You are not permitted to download, save or email this image. Visit image gallery to purchase the image.
Piles are posts that are plunged into the ground to support the foundations of a building.
Sensors were placed in the surrounding areas of the old Cadbury Factory, in Cumberland St, to detect the effects each option had.
The first and more traditional method, called driven piling, was tested about 11am at the old Cadbury warehouse site.
The alternative option, full displacement piling, was tested about 3.30pm at the same site.
That involved drilling a drill string, which is at the front of a piling rig, about 15m into the ground.
As the drill was extracted, concrete was poured into the hole and then a spiral steel casing was plunged into the concrete, he said.
Ministry of Health new hospital programme director Mike Barns said driven piling was a faster method but had more impact and vibration, while displacement piling was slower but affected the surrounding area less.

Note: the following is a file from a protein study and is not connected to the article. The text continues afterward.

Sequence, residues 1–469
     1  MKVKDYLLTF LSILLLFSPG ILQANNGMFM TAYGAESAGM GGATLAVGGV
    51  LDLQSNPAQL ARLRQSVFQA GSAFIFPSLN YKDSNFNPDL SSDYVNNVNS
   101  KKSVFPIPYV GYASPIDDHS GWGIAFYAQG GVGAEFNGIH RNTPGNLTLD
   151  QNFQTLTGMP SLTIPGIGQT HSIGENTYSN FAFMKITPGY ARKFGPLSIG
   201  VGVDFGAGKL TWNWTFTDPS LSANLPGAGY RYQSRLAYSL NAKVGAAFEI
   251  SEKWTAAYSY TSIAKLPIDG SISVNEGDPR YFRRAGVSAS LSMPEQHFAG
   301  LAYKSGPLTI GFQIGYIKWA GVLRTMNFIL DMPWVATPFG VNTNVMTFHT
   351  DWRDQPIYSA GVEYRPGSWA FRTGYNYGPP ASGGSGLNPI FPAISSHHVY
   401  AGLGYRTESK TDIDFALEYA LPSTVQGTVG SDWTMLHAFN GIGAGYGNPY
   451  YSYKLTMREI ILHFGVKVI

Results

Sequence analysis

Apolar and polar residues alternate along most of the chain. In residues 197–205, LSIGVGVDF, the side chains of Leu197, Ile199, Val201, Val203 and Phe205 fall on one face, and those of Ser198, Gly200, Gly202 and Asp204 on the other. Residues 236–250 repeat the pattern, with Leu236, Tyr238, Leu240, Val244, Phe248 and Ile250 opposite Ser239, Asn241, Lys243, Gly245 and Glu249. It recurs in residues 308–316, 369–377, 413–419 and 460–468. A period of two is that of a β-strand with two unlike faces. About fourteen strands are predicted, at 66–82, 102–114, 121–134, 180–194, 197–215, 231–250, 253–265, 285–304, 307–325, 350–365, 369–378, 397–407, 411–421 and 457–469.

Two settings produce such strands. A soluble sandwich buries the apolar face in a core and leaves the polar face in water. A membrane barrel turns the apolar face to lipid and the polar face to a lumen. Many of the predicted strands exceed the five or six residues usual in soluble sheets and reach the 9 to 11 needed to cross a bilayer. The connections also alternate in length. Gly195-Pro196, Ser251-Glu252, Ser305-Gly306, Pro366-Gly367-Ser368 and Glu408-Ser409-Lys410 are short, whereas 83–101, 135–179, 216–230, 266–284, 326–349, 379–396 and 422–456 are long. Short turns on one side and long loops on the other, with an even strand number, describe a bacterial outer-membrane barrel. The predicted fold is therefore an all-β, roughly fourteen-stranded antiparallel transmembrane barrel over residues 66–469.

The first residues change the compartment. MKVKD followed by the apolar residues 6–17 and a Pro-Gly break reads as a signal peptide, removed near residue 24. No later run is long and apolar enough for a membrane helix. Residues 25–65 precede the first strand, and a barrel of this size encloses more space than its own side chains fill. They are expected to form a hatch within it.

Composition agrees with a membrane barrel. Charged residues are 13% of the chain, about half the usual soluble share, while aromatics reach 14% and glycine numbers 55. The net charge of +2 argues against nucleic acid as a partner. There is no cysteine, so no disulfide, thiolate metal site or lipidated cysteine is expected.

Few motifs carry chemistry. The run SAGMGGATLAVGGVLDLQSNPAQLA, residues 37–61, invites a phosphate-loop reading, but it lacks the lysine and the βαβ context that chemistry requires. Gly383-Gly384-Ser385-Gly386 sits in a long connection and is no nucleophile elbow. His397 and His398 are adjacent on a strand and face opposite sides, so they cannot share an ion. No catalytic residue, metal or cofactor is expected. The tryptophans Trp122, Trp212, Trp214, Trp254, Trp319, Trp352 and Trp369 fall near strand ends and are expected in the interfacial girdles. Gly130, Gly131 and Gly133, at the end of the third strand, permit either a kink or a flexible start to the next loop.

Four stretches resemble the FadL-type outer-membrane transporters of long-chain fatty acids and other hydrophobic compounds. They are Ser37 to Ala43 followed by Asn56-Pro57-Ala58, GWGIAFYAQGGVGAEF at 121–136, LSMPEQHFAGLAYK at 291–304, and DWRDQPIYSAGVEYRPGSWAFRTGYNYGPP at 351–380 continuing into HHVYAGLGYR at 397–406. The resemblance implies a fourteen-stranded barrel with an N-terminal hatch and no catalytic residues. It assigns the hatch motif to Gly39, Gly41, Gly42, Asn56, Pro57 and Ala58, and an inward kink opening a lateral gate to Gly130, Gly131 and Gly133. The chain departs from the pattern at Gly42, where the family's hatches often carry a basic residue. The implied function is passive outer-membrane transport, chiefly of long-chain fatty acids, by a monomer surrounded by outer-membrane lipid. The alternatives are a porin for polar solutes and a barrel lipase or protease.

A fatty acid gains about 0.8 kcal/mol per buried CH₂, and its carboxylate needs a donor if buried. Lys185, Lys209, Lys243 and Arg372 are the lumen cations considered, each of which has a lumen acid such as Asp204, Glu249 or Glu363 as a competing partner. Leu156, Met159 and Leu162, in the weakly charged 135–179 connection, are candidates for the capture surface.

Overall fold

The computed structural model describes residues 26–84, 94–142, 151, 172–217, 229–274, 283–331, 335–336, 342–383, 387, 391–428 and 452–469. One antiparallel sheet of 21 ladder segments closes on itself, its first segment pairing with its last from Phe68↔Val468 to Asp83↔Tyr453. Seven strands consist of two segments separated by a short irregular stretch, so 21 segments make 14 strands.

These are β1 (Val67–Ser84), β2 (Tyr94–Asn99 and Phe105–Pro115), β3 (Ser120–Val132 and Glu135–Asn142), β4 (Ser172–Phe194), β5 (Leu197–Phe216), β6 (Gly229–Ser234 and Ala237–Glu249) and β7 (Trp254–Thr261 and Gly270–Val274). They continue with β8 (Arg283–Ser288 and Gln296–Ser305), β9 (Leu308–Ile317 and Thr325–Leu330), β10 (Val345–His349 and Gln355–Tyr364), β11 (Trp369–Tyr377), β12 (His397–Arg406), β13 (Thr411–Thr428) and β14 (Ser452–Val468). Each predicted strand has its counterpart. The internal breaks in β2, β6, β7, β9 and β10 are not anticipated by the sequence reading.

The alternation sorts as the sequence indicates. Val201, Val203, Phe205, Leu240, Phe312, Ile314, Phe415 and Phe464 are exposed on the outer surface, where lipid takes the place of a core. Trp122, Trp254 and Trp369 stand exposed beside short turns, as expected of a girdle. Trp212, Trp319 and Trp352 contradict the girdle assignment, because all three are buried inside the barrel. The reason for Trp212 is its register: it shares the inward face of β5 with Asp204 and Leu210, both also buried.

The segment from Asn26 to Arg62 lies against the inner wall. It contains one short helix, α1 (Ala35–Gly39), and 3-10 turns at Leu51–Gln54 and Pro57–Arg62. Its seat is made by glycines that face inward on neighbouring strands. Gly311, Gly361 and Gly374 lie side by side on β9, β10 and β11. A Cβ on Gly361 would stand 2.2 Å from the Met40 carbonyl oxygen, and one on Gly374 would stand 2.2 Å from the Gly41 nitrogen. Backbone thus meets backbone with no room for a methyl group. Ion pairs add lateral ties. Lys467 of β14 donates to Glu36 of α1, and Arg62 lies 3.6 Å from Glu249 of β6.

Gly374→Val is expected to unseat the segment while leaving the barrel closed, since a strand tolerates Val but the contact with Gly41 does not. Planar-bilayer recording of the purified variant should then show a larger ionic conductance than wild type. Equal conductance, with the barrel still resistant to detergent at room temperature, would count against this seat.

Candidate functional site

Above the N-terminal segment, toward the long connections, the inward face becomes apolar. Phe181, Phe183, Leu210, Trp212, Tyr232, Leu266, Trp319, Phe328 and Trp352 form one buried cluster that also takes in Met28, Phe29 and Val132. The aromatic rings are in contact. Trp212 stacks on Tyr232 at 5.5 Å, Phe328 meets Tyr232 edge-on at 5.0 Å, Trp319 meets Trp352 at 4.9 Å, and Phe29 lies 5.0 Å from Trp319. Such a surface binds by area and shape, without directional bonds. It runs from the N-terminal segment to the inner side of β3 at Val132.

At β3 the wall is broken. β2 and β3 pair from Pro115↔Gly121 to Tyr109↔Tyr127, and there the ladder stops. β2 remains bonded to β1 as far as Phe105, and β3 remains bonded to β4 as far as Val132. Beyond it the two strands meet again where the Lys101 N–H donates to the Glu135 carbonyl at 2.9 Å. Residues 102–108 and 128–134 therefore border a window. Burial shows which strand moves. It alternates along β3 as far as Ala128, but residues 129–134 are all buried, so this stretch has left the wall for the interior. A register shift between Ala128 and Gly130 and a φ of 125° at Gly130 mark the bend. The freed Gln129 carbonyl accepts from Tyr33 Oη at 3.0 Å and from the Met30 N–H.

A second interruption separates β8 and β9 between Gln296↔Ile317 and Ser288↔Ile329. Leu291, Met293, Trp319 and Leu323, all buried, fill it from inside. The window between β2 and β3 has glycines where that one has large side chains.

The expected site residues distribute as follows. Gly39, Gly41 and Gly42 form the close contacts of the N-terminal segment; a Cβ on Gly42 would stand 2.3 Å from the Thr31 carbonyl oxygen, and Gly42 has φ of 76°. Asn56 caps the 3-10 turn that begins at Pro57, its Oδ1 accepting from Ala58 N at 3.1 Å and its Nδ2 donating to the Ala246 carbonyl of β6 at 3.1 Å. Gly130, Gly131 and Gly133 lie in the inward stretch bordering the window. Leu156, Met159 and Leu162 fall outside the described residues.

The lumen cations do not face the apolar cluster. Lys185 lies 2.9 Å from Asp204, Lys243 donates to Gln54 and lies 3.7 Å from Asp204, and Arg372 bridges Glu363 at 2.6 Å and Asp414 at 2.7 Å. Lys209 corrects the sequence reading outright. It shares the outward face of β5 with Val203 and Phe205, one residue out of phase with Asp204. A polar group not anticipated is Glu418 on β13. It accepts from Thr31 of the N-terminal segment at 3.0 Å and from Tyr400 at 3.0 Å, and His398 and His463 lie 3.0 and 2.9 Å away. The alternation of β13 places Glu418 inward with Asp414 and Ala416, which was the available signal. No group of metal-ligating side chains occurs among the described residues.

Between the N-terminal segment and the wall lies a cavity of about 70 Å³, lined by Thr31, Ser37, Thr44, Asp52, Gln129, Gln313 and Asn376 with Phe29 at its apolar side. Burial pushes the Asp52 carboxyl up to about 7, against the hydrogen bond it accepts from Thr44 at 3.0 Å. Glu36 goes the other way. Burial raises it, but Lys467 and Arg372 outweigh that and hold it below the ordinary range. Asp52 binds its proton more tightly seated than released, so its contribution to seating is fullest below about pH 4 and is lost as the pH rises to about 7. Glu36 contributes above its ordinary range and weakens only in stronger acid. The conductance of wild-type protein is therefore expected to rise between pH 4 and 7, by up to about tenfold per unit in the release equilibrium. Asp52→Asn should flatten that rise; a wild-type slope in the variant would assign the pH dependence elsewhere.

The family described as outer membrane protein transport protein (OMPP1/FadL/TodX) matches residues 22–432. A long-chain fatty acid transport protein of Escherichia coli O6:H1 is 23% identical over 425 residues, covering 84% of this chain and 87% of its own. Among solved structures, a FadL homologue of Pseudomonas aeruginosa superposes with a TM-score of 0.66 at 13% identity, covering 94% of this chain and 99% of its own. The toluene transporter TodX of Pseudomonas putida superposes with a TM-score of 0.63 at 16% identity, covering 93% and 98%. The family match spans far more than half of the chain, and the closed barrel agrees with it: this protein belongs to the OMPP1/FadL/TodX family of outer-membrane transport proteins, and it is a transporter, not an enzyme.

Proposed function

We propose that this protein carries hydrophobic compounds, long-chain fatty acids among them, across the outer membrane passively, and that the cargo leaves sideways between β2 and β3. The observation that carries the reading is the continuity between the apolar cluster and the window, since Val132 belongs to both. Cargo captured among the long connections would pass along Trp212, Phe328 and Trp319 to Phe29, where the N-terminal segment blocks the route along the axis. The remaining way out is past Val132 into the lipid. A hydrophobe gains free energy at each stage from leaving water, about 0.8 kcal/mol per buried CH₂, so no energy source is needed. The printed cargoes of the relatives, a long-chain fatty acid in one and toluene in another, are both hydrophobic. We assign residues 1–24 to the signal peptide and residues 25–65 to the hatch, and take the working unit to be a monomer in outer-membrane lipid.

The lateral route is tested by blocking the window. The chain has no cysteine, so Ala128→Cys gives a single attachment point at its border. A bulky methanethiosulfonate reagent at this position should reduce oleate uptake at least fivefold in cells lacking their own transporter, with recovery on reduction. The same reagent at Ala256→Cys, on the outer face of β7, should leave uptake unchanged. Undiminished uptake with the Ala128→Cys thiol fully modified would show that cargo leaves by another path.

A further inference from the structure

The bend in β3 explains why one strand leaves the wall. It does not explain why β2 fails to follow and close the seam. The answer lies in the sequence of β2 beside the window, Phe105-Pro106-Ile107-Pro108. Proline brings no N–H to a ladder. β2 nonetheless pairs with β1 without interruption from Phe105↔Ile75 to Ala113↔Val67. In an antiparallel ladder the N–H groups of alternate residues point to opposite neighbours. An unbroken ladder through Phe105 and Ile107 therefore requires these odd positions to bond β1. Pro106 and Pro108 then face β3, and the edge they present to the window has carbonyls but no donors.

"We are really trying to be respectful to the people of Dunedin ... and have minimal impact on residents in surrounding buildings.
"We know that the expectations are quite high, so we are quite keen to match that," he said.
Displacement piling was not a common method in New Zealand, and the piling rig was brought in from Australia.
That option would be good to test in the more "dense" areas of the site and where more people were around, he said.
"Once we get all the measurements back from out sensors we will be able to evaluate those and make the call."
Testing would continue in the southern end of the former Cadbury factory and the old Wilson car park site.